Should I do this?

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  3. #2
    JoshuaHeckathorn's Avatar
    JoshuaHeckathorn is offline Administrator
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    Re: why wouldn't I use 401k money to pay off credit cards?

    Financially, it's never a smart move to tap retirement funds to pay off unsecured debt, but if it'll make you happy, then perhaps it's the right move for you. How's your credit score? If it's good, you could always look at using a balance transfer card instead to give yourself 18 months or so to pay off as much of the $12K as possible. Perhaps another job for awhile, or sell something to pay off the credit card debt? By the way, how far are you away from retirement?

  4. #3
    chrisb is offline Senior Member
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    Re: why wouldn't I use 401k money to pay off credit cards?

    Quote Originally Posted by hellobetty View Post
    That's not possible, so my next step was to look at a refinance. It looks like I can get a lower interest rate by refinancing, but it's going to cost about $4,000 in fees. It seems like I could also accomplish almost a 4.5% interest rate by paying about $100 extra a month to my mortgage on my own, turning my remaing 23 years into a 15 year loan. And doing this would avoid $4000 in fees.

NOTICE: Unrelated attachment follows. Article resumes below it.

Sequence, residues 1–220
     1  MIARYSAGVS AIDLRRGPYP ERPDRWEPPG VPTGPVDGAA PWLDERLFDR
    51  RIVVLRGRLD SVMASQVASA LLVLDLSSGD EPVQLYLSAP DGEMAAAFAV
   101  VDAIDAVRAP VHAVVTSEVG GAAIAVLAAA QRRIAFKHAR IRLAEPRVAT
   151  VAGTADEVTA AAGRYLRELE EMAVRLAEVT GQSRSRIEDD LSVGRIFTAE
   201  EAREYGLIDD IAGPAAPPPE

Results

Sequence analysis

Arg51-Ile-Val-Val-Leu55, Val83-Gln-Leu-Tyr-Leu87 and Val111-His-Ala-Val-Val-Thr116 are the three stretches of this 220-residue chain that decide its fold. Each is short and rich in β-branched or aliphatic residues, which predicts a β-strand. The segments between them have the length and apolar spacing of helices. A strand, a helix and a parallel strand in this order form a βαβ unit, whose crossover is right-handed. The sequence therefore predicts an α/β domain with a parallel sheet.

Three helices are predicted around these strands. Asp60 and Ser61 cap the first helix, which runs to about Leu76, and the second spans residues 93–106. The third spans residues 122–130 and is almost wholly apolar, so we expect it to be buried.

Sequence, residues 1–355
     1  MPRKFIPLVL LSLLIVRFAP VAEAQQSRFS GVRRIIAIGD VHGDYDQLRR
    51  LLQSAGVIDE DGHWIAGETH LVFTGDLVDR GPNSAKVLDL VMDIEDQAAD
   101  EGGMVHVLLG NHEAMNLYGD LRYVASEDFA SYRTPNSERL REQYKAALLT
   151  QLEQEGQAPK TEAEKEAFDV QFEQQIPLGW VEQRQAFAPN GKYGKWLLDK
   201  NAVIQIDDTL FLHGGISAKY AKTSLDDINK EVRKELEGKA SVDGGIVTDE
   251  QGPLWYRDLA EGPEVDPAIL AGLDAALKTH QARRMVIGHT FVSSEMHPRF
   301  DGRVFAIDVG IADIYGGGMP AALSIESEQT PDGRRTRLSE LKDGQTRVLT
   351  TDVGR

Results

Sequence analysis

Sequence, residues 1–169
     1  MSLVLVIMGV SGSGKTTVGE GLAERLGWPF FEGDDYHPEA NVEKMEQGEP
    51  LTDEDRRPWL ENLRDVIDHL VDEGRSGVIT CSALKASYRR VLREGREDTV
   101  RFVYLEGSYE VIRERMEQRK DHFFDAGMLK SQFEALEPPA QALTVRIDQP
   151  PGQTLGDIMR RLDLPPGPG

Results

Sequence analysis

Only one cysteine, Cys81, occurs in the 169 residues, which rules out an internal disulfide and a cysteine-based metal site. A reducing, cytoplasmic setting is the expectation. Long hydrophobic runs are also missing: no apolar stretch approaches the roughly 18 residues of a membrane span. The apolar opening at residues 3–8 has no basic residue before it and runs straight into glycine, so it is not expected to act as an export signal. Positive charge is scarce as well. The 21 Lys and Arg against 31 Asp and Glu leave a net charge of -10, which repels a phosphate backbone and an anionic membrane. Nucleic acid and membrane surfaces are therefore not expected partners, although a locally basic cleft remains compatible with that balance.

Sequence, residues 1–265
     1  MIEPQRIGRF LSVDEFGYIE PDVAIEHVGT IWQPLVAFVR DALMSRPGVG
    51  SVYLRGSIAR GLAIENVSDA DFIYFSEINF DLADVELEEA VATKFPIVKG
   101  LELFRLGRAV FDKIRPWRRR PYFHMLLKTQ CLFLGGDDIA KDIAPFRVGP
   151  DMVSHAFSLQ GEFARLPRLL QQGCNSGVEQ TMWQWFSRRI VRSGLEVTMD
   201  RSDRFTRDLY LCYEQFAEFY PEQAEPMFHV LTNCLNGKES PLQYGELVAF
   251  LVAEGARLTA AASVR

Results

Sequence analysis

Basically right now what interest rate is your current mortgage at? And when looking at re-financing, are you looking to move your mortgage to a 15 year? When you've talked to them about the re-fi - what type of changes would you get with your mortgage payment?

    I'm asking these questions, because it is important to look at all factors when making the decision. Rather than actually cashing out your 401K, you might want to consider taking a loan out against it (the interest is actually paid back to your 401K, and the money removed is NOT TAXED - because you are just borrowing it so it won't show like taxes). Another thing is that you will be taxed MUCH more than your normal paycheck if you cash in your 401K - so you might actually only see about 55% of that.